Book Image

Multithreading with C# Cookbook, Second Edition - Second Edition

By : Evgenii Agafonov
Book Image

Multithreading with C# Cookbook, Second Edition - Second Edition

By: Evgenii Agafonov

Overview of this book

Multi-core processors are synonymous with computing speed and power in today’s world, which is why multithreading has become a key concern for C# developers. Multithreaded code helps you create effective, scalable, and responsive applications. This is an easy-to-follow guide that will show you difficult programming problems in context. You will learn how to solve them with practical, hands-on, recipes. With these recipes, you’ll be able to start creating your own scalable and reliable multithreaded applications. Starting from learning what a thread is, we guide you through the basics and then move on to more advanced concepts such as task parallel libraries, C# asynchronous functions, and much more. Rewritten to the latest C# specification, C# 6, and updated with new and modern recipes to help you make the most of the hardware you have available, this book will help you push the boundaries of what you thought possible in C#.
Table of Contents (18 chapters)
Multithreading with C# Cookbook Second Edition
About the Author
About the Reviewers

Thread priority

This recipe will describe the different options for thread priority. Setting a thread priority determines how much CPU time a thread will be given.

Getting ready

To work through this recipe, you will need Visual Studio 2015. There are no other prerequisites. The source code for this recipe can be found at BookSamples\Chapter1\Recipe6.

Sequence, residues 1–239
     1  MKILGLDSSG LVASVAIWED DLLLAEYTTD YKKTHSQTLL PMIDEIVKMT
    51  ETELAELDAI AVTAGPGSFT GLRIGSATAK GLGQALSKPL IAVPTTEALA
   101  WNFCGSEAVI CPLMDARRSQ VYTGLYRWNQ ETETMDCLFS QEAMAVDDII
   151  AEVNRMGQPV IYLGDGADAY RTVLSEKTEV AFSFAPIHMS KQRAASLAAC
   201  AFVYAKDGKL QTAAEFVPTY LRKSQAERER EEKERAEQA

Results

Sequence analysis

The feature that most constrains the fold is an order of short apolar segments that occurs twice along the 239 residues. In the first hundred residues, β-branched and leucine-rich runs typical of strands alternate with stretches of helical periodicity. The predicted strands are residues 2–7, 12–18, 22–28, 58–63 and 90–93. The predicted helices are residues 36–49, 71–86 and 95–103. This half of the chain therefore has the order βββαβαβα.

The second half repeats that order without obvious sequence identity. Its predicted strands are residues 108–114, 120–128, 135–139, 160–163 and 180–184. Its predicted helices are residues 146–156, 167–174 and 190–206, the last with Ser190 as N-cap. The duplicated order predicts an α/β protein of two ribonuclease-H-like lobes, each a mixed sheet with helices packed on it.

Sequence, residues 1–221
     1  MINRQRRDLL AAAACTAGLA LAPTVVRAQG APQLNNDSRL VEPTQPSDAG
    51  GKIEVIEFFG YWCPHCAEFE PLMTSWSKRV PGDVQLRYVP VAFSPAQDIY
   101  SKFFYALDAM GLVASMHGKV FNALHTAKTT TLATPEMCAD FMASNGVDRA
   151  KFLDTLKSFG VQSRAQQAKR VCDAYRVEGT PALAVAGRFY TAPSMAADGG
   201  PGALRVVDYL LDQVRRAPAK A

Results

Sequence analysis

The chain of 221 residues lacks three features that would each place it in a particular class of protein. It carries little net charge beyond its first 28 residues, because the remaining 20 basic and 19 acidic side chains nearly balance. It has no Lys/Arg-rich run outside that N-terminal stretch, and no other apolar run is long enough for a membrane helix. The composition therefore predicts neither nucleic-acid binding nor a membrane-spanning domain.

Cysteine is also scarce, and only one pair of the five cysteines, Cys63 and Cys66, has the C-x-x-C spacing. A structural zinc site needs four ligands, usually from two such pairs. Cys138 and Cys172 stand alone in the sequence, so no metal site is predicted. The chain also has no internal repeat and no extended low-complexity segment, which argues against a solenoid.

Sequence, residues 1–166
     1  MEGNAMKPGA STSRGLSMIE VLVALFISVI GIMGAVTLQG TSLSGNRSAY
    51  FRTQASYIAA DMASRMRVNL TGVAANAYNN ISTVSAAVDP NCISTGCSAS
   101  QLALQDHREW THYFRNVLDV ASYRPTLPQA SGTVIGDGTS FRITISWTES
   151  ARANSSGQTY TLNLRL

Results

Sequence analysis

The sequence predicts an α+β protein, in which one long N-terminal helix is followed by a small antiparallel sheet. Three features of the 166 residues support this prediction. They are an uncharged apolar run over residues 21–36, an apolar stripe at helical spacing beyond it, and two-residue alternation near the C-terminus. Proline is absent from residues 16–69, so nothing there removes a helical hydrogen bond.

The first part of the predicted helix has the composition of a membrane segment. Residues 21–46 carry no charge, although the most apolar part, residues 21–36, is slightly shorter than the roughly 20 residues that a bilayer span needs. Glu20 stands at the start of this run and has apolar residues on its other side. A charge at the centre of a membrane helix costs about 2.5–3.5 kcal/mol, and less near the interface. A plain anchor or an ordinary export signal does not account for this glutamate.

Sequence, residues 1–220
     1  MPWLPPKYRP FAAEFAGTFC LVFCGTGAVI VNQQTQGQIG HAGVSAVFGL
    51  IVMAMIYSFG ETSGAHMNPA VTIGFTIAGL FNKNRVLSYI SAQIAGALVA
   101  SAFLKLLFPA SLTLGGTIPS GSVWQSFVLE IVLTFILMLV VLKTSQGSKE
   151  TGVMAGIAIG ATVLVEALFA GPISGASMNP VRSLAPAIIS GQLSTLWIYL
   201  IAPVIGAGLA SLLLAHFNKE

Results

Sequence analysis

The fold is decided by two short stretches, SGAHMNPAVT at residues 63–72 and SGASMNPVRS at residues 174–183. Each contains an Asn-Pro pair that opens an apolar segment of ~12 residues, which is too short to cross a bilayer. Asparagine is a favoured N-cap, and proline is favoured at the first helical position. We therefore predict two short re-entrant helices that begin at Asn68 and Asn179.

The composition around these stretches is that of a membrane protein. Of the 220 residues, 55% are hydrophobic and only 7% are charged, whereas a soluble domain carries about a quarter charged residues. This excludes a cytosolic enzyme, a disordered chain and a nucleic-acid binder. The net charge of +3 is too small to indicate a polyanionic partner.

How to do it...

To understand the workings of thread priority, perform the following steps:

  1. Start Visual Studio 2015. Create a new C# console application project.

  2. In the Program.cs file, add the following using directives:

    using System;
    using System.Threading;
    using static System.Console;
    using static System.Threading.Thread;
    using static System.Diagnostics.Process;
  3. Add the following code snippet below the Main method:

    static void RunThreads()
      var sample = new ThreadSample();
      var threadOne = new Thread(sample.CountNumbers);
      threadOne.Name = "ThreadOne";
      var threadTwo = new Thread(sample.CountNumbers);
      threadTwo.Name = "ThreadTwo";
      threadOne.Priority = ThreadPriority.Highest;
      threadTwo.Priority = ThreadPriority.Lowest;
    class ThreadSample
      private bool _isStopped = false;
      public void Stop()
        _isStopped = true;
      public void CountNumbers()
        long counter = 0;
        while (!_isStopped)
        WriteLine($"{CurrentThread.Name} with " +
          $"{CurrentThread.Priority,11} priority " +
          $"has a count = {counter,13:N0}");
  4. Add the following code snippet inside the Main method:

    WriteLine($"Current thread priority: {CurrentThread.Priority}");
    WriteLine("Running on all cores available");
    WriteLine("Running on a single core");
    GetCurrentProcess().ProcessorAffinity = new IntPtr(1);
  5. Run the program.

How it works...

When the main program starts, it defines two different threads. The first one, threadOne, has the highest thread priority ThreadPriority.Highest, while the second one, that is threadTwo, has the lowest ThreadPriority.Lowest priority. We print out the main thread priority value and then start these two threads on all available cores. If we have more than one computing core, we should get an initial result within two seconds. The highest priority thread should calculate more iterations usually, but both values should be close. However, if there are any other programs running that load all the CPU cores, the situation could be quite different.

To simulate this situation, we set up the ProcessorAffinity option, instructing the operating system to run all our threads on a single CPU core (number 1). Now, the results should be very different, and the calculations will take more than two seconds. This happens because the CPU core runs mostly the high-priority thread, giving the rest of the threads very little time.

Note that this is an illustration of how an operating system works with thread prioritization. Usually, you should not write programs relying on this behavior.